What was her role as Assistant Principal? In 2015 Jean Anne received the Distinguished Alumni Achievement Award from Stephen T. Badin High School (the successor school of Jean Anne's alma mater Notre Dame High School). The tribute to her included in the booklet published for the dinner at which she received the award described her work at Corryville:

    ... her efforts were not limited to administration. If the cook was not there to prepare breakfast, Sister Jean stepped up. If someone forgot to pick up their child, Sister Jean looked after them. If the school was badly in need of additional income, it was Sister Jean who initiated a regular bingo fundraiser. If a child needed some special help, Sister Jean found a tutor. If the school needed someone to help with bookkeeping, Sister Jean handled the duties. If there was a grant opportunity, Sister Jean took care of the paperwork. Sports teams? Sister Jean found coaches to take the helm.
    In finding a way to fulfill these needs, Sister Jean was instrumental in encouraging two generations of children to further their educations in Catholic high school and beyond. For so many of these families, that was a first. Sister Jean was there with a hand up.
    Even after her retirement, Sr. Jean did not really retire. She continued to work every day in the school’s office as well as provide fundraising assistance. ...
    Sister Jean Anne Blust has worked tirelessly to fulfill the needs of children through her calling to do God’s work. Badin High School is proud to honor her with a Distinguished Alumni Achievement Award.

Jean Anne continued to do what she could to support the families, faculty and staff at Corryille Catholic School through her physical work, prayers and moral support the rest of her life.

The same genuine interest in each individual and liberty of spirit that can be seen in Jean Anne's ministry were also a part of how she lived community. Many Sisters were part of the Vine Street community over the years. Jean Anne valued each one. In particular Sister Mary Ann Zwijack and Sister Judy Tensing who, together with Jean Anne, were the Vine Street Community for decades. The three did not all serve in the same ministry, but they all served the same part of the population. They often pitched in to help one another with needs that arose. They structured (or unstructured) their community life together to support all the ways they reached out to help those in need. They knew each other's families and friends and walked with each other through the joys and sorrows of the journey of life. They were also a part of the life of the Ohio Unit through participating in Assemblies, Vow and Jubilee celebrations, holiday celebrations, meetings, discussions and much more. 

Jean Anne had a gift for listening deeply and enjoyed a good discussion. She liked to read, listen to music, watch TV, and in her younger years she enjoyed gardening. When she came to Mount Notre Dame Health Center, Jean Anne took every opportunity to join in card games of various kinds. She was a regular at the Sunday night Yahtzee table where she inevitably scored at least one Yahtzee. Most of all Jean Anne enjoyed being with people she loved. Her family members were especially dear to her and time enjoyed with them through the years were precious and cherished moments of her life. . Each one was a unique gift of God’s goodness to her. Jean Anne was so delighted that family members could join in the community celebration of her 90th birthday and we know she appreciated their supportive presence during her last days.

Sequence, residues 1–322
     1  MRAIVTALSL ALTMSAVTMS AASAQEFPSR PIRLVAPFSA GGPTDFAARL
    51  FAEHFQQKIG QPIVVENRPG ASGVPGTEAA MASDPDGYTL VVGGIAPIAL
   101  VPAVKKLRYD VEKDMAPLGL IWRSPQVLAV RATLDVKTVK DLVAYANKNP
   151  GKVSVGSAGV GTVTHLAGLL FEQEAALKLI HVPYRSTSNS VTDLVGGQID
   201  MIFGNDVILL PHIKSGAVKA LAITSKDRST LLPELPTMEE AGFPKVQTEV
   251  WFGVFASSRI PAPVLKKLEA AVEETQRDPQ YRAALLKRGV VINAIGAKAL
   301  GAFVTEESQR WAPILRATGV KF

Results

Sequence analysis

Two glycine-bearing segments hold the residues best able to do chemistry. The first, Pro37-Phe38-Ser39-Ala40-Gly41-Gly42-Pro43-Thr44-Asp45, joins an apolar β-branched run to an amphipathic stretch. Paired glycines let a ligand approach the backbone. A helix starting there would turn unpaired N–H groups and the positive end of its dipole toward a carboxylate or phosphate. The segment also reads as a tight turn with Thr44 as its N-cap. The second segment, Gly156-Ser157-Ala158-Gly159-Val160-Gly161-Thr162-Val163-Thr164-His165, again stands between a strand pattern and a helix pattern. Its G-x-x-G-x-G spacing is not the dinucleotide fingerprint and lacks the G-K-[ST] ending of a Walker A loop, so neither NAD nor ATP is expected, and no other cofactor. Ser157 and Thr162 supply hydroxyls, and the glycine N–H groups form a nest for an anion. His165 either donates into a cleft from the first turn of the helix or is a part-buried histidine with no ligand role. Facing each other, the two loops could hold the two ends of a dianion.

“Into your hands, O Lord, I commend my spirit.” is the response for the Mass for December 26. How fitting it was that members of the Vine Street community, the band of women she entered with and her family were all with Jean Anne that evening as she lived those words. Now, as we, her Sisters, family and friends gather to celebrate her life, we give thanks for all the ways Jean Anne made known God's goodness to each of us. We give thanks for the gift she has been to so many whose lives she touched. We trust in her continued love and prayers for us as she is embraced by our good God. We ask her to pray for us, that we may follow her example and "...act and do everything with great liberty of spirit in God and for his greater glory." (St. Julie Billiart, Letter 164)


  • Born October 3, 1933
  • Parents: John B. Blust (born in Hamilton, Ohio) and Lillian C. Blust (born in Miamisburg, Ohio)
  • Siblings: John Blust, William (Bill) Blust
  • Baptized at St. John Catholic Church, Middletown, Ohio
  • Entered: September 7, 1951, at Mount Notre Dame, Reading, Ohio
  • First Profession: March 12, 1954
  • Final Profession: August 12, 1959


  • Bachelor of Science in Education from Our Lady of Cincinnati College, Cincinnati, Ohio, 1961
  • Master of Education in Administration from Xavier University, Cincinnati, Ohio, 1986

Assignments Included:

  • 1954-1960 St. James Parish School, Wyoming, Ohio
  • 1960-1962 St. Joseph Parish School, Hamilton, Ohio
  • 1962-1965 Immaculate Conception Parish School, Dayton, Ohio
  • 1965-1968 St. John Parish School, Logan, Ohio
  • 1968-1978 St. George Parish School, Cincinnati, Ohio
  • (1971-1973 also served at the Summit Country Day School, Cincinnati, Ohio)
  • 1978-1982 St. Joseph Parish School, Cincinnati, Ohio
  • 1982-2015 St. George Parish School, Cincinnati, Ohio
  • 2015-2022 Community Service, Vine Street, Cincinnati, Ohio
  • 2022-2023 Ministry of Prayer and Presence, Mount Notre Dame, Reading, Ohio
  • Died: December 26, 2023 at Mount Notre Dame Health Center, Reading, Ohio

Sister Kim Dalgarn, SNDdeN
 December 28, 2023